Abstract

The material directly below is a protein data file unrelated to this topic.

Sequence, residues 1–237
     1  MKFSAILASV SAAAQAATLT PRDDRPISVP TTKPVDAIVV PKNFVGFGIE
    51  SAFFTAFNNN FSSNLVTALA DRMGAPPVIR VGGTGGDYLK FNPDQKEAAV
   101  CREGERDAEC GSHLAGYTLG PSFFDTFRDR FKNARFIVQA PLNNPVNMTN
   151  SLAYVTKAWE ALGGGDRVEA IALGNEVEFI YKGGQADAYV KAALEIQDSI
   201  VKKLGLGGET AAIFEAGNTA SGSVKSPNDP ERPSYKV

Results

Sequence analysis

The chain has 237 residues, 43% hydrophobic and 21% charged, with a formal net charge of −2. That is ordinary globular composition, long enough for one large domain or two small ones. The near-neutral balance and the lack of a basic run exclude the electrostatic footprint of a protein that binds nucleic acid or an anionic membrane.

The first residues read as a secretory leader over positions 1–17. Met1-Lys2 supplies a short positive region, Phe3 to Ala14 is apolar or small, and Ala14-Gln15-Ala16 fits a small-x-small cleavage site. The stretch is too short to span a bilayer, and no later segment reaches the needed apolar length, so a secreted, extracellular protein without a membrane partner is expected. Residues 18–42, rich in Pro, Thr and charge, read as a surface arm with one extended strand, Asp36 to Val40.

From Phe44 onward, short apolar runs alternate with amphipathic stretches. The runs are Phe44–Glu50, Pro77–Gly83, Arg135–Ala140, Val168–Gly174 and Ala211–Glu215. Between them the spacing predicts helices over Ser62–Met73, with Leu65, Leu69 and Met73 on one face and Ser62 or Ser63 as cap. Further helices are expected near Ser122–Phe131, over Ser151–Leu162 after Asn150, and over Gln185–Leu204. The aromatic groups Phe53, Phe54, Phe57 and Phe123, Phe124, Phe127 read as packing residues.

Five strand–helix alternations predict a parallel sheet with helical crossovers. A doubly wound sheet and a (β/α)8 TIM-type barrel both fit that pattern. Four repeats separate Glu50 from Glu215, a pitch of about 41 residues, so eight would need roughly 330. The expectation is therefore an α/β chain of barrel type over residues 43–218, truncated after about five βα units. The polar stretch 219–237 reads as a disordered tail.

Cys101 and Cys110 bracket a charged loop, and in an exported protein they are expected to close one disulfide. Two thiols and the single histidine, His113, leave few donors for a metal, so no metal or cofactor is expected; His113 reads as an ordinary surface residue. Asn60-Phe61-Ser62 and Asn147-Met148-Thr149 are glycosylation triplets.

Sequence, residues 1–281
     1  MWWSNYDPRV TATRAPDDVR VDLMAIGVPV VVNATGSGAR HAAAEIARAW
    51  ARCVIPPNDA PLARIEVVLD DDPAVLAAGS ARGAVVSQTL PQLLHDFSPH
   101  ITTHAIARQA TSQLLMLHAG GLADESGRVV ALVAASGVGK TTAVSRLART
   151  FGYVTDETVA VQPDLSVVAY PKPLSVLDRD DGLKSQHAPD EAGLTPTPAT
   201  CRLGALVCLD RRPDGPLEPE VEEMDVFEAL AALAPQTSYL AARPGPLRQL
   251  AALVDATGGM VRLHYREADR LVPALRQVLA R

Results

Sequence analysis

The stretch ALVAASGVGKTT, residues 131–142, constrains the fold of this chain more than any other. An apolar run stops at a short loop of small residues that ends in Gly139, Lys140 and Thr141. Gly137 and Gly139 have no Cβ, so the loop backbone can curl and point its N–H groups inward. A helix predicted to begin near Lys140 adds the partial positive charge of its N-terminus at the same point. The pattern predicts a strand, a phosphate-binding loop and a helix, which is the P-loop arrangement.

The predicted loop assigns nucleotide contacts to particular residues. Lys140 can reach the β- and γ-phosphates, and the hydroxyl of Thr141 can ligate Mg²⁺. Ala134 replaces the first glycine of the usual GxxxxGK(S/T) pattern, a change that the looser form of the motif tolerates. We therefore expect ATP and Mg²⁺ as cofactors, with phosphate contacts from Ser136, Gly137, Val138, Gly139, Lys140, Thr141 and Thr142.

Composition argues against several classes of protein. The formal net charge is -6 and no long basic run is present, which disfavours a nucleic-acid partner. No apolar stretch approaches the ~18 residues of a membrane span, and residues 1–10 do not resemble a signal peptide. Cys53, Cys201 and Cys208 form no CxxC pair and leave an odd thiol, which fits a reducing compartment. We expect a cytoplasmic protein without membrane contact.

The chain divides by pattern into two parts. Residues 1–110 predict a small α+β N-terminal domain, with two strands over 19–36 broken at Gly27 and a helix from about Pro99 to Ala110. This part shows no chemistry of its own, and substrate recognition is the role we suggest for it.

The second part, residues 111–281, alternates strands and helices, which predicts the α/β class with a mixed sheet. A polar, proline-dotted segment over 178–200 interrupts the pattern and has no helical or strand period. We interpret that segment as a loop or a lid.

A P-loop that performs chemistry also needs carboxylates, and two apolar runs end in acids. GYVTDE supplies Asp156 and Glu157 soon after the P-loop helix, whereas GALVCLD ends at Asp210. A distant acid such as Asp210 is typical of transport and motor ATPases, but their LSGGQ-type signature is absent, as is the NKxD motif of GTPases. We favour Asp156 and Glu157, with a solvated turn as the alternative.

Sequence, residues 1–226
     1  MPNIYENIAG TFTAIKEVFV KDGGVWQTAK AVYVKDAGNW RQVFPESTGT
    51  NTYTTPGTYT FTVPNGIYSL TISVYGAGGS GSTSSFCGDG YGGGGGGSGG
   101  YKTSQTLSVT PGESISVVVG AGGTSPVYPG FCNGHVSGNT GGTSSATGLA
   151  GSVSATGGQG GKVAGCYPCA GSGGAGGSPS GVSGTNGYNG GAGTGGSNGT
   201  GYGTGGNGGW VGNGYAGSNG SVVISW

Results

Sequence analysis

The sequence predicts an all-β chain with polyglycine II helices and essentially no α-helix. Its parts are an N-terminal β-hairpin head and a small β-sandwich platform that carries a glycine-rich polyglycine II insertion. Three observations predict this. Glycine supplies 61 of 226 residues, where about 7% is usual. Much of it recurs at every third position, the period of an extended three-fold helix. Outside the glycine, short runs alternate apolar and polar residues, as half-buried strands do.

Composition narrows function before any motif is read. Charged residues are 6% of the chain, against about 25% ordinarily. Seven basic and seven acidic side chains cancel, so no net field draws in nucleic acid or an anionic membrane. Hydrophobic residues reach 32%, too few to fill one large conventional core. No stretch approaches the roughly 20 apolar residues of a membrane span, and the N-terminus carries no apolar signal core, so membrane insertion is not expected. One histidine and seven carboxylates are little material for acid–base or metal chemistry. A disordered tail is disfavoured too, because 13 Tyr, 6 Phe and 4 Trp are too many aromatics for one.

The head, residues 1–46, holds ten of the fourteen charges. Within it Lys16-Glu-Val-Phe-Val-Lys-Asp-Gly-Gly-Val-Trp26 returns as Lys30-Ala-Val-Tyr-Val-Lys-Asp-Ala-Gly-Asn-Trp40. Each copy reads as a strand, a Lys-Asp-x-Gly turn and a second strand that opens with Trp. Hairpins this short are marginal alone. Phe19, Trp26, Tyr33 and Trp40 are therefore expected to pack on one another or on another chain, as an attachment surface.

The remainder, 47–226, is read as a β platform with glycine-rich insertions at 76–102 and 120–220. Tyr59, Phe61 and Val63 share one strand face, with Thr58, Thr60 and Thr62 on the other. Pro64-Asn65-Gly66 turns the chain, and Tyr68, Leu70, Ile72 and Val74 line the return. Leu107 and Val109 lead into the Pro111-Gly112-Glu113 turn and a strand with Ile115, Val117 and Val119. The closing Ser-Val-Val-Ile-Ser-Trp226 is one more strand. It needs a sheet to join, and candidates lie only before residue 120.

Scheelite mineralization in the granulite-facies supracrustal sequences of the Kerala Khondalite Belt, southern India is reported. The supracrustal sequences where the mineralization is found comprise granulite-grade metasediments which underwent metamorphism at ~550 Ma. The mineralization is assumed to have formed by late-stage metasomatism that overprinted the regional metamorphism of the country rock (garnet-biotite gneiss) and occurs along a quartz vein that intrudes the regional foliation. The paragenetic data from the vein demonstrate unambiguously a separate cycle of hydrothermal activity, resulting in metasomatism and mineralization. Scheelite is found in both the altered host rock along the foliation plane and in the quartz vein. Fluid inclusions preserved in the vein suggest that the mineralizing fluids were saline-aqueous in composition, while those in the country rocks were redominantly CO2-rich. The mineral chemistry and bulk-rock chemical composition of the mineralized domain reveal the unusual enrichment of Ca in the mineralised zone with the depletion of K. We propose that fluid discharging from a crystallizing deep-seated magma, mixing with deep circulating Ca-bearing palaeo-groundwater gave rise to the deposition of scheelite. The scheelite mineralization and the quartz vein emplacement occurred after the Pan-African regional metamorphism.

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